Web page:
Macroeconomics G105 Fall Quarter 2016, Last Four Weeks

José-Víctor Ríos-Rull:,

  • Course Code: ECON G105, Term 1, Last four weeks

  • Compulsory course for M.Res. students

  • Prerequisites: Knowledge of macro and micro at MSc level

  • Course Owner: José-Víctor Ríos-Rull:

  • Office Hours: Before and after class and by appointment.

  • Homepage

  • email:,

  • Teaching assistant: Mr. Carlo Galli (

  • Class notes from a similar course

    What we are doing each day.
    1. November 24

      I describe the course and discuss some context of what are the main facts over which macro has to be organized around:
      1. output per capita has grown at a roughly constant rate
      2. the capital-output ratio (where capital is measured using the perpetual inventory method based on past consumption foregone) has remained roughly constant
      3. the capital-labor ratio has grown at a roughly constant rate equal to the growth rate of output
      4. the wage rate has grown at a roughly constant rate equal to the growth rate of output
      5. the real interest rate has been stationary and, during long periods, roughly constant
      6. labor income as a share of output has remained roughly constant
      7. hours worked per capita have been roughly constant.

      I discuss what restrictions do these facts pose on the models that we use.

      I discuss some of the limitations of this point of view.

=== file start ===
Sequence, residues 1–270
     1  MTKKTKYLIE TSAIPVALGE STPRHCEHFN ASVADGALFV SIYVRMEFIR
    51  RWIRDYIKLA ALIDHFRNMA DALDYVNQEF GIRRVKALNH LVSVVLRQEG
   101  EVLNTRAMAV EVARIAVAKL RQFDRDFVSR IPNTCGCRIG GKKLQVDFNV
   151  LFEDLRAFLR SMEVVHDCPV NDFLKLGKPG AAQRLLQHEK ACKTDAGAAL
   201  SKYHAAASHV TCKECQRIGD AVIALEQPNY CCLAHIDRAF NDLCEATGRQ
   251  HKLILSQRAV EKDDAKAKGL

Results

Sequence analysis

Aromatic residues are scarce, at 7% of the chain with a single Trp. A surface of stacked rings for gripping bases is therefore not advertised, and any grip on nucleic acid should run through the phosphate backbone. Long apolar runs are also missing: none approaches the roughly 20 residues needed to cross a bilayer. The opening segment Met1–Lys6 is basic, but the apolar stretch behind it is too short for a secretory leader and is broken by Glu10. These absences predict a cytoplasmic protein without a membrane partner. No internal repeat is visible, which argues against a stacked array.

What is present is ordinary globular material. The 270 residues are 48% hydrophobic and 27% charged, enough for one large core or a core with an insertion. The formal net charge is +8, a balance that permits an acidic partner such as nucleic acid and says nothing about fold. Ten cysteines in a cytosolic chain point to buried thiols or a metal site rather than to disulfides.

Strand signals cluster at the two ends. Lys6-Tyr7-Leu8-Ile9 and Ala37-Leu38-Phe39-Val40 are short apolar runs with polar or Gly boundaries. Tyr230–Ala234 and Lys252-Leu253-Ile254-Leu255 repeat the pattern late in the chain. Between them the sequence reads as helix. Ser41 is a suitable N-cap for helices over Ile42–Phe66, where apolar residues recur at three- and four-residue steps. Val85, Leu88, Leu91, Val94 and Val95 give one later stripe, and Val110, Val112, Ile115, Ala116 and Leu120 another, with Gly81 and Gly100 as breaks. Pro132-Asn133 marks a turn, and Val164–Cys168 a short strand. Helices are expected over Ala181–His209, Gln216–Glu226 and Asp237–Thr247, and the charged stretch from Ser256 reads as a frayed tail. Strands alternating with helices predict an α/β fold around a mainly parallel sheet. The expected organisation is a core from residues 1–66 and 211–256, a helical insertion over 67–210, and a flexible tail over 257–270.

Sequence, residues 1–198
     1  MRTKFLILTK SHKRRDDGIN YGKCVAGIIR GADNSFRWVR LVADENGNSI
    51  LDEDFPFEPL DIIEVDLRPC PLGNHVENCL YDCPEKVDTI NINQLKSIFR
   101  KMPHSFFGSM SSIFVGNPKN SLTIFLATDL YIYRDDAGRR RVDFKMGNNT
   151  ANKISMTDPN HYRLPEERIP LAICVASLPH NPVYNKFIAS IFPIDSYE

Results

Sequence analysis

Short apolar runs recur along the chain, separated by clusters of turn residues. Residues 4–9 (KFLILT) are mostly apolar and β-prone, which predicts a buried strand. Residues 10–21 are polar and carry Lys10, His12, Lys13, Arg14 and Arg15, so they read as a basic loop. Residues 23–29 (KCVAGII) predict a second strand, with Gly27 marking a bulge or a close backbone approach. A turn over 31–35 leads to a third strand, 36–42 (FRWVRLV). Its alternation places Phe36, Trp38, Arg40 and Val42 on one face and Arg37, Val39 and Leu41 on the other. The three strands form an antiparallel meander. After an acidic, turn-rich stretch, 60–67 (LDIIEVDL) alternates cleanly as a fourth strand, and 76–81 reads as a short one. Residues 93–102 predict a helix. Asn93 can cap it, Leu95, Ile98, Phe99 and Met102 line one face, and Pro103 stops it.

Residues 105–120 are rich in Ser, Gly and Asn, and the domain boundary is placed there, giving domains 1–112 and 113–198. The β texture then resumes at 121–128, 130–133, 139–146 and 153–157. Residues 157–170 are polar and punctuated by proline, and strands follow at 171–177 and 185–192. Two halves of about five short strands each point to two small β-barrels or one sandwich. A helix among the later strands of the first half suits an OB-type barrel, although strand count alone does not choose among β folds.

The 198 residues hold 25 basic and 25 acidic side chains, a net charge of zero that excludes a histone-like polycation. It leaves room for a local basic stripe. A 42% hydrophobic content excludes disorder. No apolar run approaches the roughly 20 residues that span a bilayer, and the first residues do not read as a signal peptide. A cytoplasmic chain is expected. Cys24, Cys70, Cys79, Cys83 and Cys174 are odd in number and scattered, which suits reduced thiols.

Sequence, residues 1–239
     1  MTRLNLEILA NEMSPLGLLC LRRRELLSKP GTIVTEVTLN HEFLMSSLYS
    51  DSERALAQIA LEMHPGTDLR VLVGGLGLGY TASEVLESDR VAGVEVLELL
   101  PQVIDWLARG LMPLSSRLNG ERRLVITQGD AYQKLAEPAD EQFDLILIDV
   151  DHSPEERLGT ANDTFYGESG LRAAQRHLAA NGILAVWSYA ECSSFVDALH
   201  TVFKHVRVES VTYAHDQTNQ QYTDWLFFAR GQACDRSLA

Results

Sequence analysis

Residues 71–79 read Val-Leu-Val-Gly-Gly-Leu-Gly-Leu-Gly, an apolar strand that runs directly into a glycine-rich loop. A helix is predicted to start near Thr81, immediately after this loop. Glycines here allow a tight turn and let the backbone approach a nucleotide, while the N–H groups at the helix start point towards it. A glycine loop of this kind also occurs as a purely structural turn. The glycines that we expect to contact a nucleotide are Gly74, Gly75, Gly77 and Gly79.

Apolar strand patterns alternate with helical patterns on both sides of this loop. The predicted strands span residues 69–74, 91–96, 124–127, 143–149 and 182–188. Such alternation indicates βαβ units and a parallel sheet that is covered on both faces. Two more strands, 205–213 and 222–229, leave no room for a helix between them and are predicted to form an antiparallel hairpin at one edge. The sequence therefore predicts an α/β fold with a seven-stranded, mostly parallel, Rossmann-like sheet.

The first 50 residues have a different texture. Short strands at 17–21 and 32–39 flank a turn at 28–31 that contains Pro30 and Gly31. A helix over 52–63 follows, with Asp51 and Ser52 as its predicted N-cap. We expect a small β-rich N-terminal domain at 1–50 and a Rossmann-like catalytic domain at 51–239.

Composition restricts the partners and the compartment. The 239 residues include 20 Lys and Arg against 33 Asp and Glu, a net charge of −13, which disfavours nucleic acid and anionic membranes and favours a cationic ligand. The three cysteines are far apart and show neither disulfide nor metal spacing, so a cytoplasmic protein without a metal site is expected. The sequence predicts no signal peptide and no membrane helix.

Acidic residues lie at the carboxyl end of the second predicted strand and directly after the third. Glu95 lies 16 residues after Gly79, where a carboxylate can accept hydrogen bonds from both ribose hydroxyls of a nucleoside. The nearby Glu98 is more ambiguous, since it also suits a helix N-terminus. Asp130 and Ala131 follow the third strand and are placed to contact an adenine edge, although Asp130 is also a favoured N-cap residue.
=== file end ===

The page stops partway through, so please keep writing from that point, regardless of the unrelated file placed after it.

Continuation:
I also discuss what is the meaning of an equilibrium (a mapping from environment to allocations) and then talked about why the social planner problem may be a problem whose solution is interesting (it is because it is the unique equilibrium of the economy once we use the welfare and other theorems). We talk of how an Arrow Debreu Equilibrium for the growth model, supports the social planners solution using the second welfare theorem. I refer to how to build a sequence of markets equilibrium out of an Arrow-Debreu equilibrium (and viceversa) and argue that we can then solve for Social Planner problem sometimes, but that we do so using recursive methods (dynamic programming). Why not then always recursive methods? This is to define equilibria recursively.

      We define Recursive Competitive Equilibrium. We look both at rational expectations equilibria and at recursive equilibria with arbitrary expectations.
    2. I go over the role of the first welfare theorem (to yield uniqueness). I continue by describing equilibrium of economies where the welfare theorems are of no use. A government financing a public good with lump sum, labor and capital income taxes, and then with debt.
    3. Nov 25

      I finished the discussion of debt in RCE.
    4. I talked about RCE with agents differing in wealth and or skills. We also viewed the economy with two countries. We looked at the Lucas tree and discussed the role of supply and demand shocks in generating business cycles. We then extended the Lucas tree to have some search frictions in the goods markets. We posed the comepetitive search equilibrium for this economy.
    5. Dec 1

      We will define one period ahead Arrow securities. We will use them to price stuff.
    6. Measure Theory and Hopenhayn's Industry Equilibria.
    7. First half of December 2 and Second half of December 9

      Models with Incomplete Markets and Heterogeneous Agents: The Aiyagari Economy.